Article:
Theresa Derwin: I have seven months left of my MA, so that involves completing my first script. I’m also working on a short film script plus a trilogy novel series ‘Shifter’s Legacy’ starting with ‘Children of Bast’ and cat shifters.

Lee Murray: Given it’s Women in Horror Month, can you name a work by a woman horror writer who you wish received more attention?

Steph Ellis: That’s a really tough question as there are so many and I would include everything by Aly, Theresa and Ruschelle! But outside of our little coven, I would say relatively recently Salt Blood by TC Parker. Horror written with a thriller vibe and if I could sneak in an extra—Coil by Ren Warom from 2019. Amazing body horror, which is not normally my thing, but this sci-fi/noir/horror mashup really grabbed me, and I haven’t ever seen it mentioned much.

Ruschelle Dillon: I’m going to agree with Steph. The ladies I have been writing with in our little coven are some of the most talented writers I’ve read. In my honest opinion, there are SO MANY fantastic indie and small press authors out there who surpass many mainstream women and men in the horror genre. I have been lucky enough to interview a few of them as well on the Horror Tree.

Aly Faye: Tough one that—I read/review a lot of horror fiction and there’s a lot of amazing work out there. OK, I will take the plunge. Two women authors whose work was first introduced to me last year, via our sharing the TOC of the NHS charity fundraising antho Diabolica Britannica—Beverley Lee (‘The Ruin of Delicate Things’), an outstanding Gothic magical read; she has such skill with language, and Catherine McCarthy (‘Door’) and many anthologies, who is equally talented. I rate them both highly.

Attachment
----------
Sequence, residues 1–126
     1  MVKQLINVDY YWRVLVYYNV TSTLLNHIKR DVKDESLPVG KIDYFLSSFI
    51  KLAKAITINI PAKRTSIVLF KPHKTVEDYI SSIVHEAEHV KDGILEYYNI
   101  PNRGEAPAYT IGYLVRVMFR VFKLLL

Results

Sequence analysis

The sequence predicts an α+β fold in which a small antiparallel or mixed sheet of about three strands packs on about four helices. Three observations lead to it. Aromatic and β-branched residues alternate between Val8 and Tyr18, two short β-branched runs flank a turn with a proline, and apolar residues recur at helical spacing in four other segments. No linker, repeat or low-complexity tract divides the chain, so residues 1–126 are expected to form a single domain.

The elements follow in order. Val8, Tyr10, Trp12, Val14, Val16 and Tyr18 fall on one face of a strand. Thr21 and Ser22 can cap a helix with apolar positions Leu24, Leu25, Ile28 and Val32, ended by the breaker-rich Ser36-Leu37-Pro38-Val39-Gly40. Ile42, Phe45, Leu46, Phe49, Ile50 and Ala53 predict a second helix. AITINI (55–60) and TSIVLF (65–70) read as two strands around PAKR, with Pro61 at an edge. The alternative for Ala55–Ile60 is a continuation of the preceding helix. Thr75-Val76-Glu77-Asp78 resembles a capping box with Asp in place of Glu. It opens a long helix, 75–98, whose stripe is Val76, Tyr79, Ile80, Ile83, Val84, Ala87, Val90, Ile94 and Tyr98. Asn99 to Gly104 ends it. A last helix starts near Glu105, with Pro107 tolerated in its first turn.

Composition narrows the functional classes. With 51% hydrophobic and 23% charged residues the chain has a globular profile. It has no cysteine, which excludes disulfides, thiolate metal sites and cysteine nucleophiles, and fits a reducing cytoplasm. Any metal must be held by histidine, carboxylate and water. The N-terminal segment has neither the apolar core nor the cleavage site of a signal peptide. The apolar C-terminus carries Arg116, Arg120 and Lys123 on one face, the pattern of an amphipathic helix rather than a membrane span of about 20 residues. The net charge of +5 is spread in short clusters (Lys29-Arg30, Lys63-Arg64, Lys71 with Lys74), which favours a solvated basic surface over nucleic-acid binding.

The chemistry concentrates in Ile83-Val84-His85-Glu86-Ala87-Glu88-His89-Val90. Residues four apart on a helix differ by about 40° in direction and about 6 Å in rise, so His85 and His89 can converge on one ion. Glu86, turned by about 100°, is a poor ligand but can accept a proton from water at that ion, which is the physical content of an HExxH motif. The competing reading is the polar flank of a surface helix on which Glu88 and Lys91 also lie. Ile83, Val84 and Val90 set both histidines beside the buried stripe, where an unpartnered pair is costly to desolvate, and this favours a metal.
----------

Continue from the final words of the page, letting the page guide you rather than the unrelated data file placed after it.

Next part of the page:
Theresa Derwin: There are so many I would name including these, however I’ll go with CL Raven who are constantly working towards their goals and V Castro, who recently edited Latinx Screams. Her sexy, lyrical, and visceral voice needs to be read. She has a forthcoming collection from Flame Tree Press, so make sure you grab it.

Lee Murray: Thank you all so much for sharing your suggestions. I’ll be looking out for those titles. Best of luck for the release of Daughters of Darkness! I hope it’s a huge success.

Daughters Of Darkness

A quartet of established female horror writers from both sides of the Atlantic have joined supernatural forces to bring you – Daughters of Darkness – a publication from the women-run indie press Black Angel.

These stories will take you across the centuries, from Whitechapel to New Orleans, from dark humour to Gothic, weaving the weird with the macabre.

Within these pages, meet the myriad monsters these female writers have conjured, letting them loose to roam and cast long shadows.

Beware – this is only the beginning …

You can buy Daughters Of Darkness from Amazon UK & Amazon US

Stephanie Ellis can be found at www.stephanieellis.org

Her latest release is The Five Turns of the Wheel from Silver Shamrock Publishing.

Ruschelle Dillon can be found at www.ruschelledillon.net

Her latest release The Stain is from Black Bed Sheet Books.


Alyson Faye is on Twitter @AlysonFaye2, Amazon, and her Black Angel Press website.

Her latest release is Demain’s The Lost Girl & Spindleshanks.

Theresa Derwin can be found at www.theresaderwin.co.uk

Her latest release is a charity anthology Flashes of Hope, raising funds for foodbanks and those affected by Covid. Connect with her on Twitter @BarbarellaFem.

Lee Murray is a multi-award-winning writer-editor from New Zealand. For her latest releases, and free dark fiction, subscribe to her website www.leemurray.info.